Glitches With New York’s Rental Assistance Website Confound Tenants Seeking Aid

Some New Yorkers applying for the state’s new rental assistance program say the application website has repeatedly crashed, while a deadline to prioritize the neediest tenants came and went this week.

The state’s Emergency Rental Assistance Program opened June 1st with $2.7 billion of funding to help households with income at or below 80% of the area median income (AMI)—$95,450 for a family of four in New York City—with up to 12 months of rental and utility arrears payments. For the first thirty days, the program prioritized applications from lower-income households earning 50% of AMI that have at least one member who’s unemployed, a veteran, or a domestic violence victim, after which the money will be distributed on a first-come, first-served basis.

But Helen Morley of the East Village said she encountered repeated difficulties trying to file her application online.

“This website’s had issues since Day One. On Day One it crashed. And within the second week, people couldn’t upload documents. It’s not like it’s been efficient from the very beginning,” she said. “There’s been problems all along, but they’ve known this was coming. They knew how many people haven’t been paying rent — it’s not a mystery.”

A spokesperson for the state’s Office of Temporary and Disability Assistance, which is administering the program, contended the website has had “minimal” problems with more than 100,000 completed applications submitted.

“To date, technical issues with the ERAP website have been minimal and are being quickly addressed as they are encountered,” said Digital Information Officer Justin Mason in a statement. “The agency has undertaken an unprecedented effort to establish partnerships with local governments across the state to ensure that community-based organizations provide outreach and application assistance while also coordinating with the localities that received rent relief funds directly from the federal government to leverage resources, gain efficiencies, and prevent fraud.”

Mason did not respond to questions about the Emergency Rental Assistance Program website’s specific technical issues.

Even though the priority period ended June 30th, the Emergency Rental Assistance Program program is continuing until funding is depleted, Mason pointed out.

Morley said one issue she ran into was resetting her password to access her application, and noted other applicants have had trouble even setting up accounts or uploading documents. The application also needs to be completed in one sitting because it can’t be saved unfinished, with required documents such as “the renter’s personal identification, Social Security numbers for any household members who have one, and proof of the rental amount, income eligibility, residency and occupancy. Landlords must submit a W-9 tax form, lease, rent roll and banking information,” THE CITY reported.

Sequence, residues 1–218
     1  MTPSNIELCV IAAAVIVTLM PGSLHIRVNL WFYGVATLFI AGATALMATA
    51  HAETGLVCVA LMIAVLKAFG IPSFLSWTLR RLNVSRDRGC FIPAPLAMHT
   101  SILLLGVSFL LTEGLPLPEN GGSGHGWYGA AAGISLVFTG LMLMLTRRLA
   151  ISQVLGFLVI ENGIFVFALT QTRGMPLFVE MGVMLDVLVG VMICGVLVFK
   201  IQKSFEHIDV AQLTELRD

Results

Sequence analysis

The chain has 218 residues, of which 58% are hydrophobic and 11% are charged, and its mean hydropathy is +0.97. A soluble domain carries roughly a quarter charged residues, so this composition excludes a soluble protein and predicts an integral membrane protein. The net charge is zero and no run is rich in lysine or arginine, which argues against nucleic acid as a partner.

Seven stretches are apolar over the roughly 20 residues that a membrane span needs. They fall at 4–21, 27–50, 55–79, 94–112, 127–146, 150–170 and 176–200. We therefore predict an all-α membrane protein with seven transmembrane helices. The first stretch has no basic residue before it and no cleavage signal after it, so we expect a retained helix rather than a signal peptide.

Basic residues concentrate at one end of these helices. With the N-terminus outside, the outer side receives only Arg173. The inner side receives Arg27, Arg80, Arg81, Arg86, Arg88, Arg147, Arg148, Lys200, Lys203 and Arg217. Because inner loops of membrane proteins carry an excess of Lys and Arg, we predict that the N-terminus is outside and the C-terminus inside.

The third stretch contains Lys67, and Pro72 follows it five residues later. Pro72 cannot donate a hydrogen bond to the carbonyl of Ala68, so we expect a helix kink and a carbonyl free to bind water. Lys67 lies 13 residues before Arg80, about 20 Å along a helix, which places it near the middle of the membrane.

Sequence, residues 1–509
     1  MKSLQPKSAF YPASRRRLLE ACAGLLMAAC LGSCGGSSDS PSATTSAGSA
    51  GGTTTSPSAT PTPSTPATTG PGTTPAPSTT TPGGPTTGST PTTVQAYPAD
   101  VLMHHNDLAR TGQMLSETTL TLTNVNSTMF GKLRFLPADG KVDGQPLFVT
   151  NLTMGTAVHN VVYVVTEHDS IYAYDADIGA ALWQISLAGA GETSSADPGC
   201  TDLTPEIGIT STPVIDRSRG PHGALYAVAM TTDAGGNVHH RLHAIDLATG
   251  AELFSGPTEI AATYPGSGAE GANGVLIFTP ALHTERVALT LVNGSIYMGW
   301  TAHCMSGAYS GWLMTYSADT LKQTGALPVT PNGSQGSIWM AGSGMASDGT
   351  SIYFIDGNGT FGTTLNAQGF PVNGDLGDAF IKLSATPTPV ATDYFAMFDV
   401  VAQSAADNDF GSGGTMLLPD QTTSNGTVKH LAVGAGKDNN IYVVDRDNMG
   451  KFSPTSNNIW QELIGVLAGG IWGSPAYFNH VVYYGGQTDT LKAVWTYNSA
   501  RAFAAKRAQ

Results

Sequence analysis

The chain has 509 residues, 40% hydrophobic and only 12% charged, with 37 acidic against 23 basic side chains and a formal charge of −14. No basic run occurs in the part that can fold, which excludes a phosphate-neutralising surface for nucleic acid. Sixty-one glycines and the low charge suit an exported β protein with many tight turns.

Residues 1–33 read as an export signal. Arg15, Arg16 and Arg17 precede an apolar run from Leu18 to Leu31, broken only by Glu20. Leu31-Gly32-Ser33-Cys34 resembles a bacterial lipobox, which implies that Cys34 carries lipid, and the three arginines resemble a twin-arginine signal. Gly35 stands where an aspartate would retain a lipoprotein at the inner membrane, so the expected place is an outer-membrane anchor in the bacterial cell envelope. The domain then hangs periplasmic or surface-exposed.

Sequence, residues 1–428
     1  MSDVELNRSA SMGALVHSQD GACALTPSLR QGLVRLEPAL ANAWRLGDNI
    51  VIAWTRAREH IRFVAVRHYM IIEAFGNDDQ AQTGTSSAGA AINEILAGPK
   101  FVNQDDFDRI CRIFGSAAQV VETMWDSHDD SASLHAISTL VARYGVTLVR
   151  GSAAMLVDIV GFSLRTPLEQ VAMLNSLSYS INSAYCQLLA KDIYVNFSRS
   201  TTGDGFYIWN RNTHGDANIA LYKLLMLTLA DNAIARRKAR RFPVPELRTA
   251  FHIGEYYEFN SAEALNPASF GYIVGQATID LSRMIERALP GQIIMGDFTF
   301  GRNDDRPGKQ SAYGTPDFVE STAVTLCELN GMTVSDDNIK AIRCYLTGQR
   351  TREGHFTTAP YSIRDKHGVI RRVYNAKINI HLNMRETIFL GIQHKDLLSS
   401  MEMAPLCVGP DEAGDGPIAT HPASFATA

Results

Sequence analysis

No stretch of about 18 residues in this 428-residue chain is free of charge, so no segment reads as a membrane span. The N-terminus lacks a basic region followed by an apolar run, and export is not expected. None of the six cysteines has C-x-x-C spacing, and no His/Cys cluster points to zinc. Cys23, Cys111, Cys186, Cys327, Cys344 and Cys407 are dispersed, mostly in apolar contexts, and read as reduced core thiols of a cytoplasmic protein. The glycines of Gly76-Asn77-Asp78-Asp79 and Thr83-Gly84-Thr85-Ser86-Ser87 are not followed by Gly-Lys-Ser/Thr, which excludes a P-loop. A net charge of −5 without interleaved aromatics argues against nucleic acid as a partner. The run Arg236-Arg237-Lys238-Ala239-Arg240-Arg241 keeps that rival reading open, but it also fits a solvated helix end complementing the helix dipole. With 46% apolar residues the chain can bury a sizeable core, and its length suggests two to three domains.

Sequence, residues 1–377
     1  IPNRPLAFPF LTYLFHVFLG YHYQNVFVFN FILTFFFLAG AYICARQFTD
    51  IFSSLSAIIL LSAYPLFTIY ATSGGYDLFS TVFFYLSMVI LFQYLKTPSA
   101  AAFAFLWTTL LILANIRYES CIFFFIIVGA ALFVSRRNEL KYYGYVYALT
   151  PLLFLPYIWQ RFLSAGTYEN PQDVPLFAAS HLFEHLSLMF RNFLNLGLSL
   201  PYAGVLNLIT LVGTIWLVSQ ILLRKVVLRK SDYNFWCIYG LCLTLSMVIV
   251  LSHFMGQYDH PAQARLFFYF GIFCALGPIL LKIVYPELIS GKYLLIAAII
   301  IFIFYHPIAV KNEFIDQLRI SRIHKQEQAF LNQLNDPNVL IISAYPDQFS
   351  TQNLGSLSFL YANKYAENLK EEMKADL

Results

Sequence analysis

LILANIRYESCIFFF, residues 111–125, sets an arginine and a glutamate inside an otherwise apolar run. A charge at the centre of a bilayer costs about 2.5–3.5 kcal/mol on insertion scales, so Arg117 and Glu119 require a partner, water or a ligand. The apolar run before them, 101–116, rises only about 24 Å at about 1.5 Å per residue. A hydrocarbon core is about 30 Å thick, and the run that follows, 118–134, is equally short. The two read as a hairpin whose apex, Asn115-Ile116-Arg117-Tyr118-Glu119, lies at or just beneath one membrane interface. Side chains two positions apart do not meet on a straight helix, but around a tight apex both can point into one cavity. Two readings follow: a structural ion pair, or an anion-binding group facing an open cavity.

Several constituents from the southeastern Bronx district that Assembly Member Kenneth Burgos represents had to make numerous appointments to finish the applications. “For about two weeks, they were unable to basically complete these applications because we couldn’t upload a document. So I had to have constituents coming on two or three separate occasions just to complete the document. We couldn’t fax it. We couldn’t upload,” Burgos said. He added, “People have to take time off of work. It’s not conducive for anyone. It’s very frustrating now.”

Morley likened the ordeal to the problems the state unemployment website had last spring as the system was overwhelmed by the influx of New Yorkers who lost their jobs during the pandemic. “I’m so shocked they didn’t learn from the mistakes of the Department of Labor,” said Morley. “They had time, they knew this was coming.”

Burgos agreed, saying “It’s very dysfunctional. I mean, it’s not the first time these state agencies have just botched these programs.”

Morley said she was fortunate to be tech-savvy enough to figure out the process and submit her application successfully, but she worried about other lower-income tenants who might not have the time or resources to repeatedly submit documents and applications.

“There’s all these people out here who don’t have the resources I have to manage this situation, who will throw up their hands and walk away and end up evicted,” she said.

The state’s eviction moratorium has been extended to the end of August.

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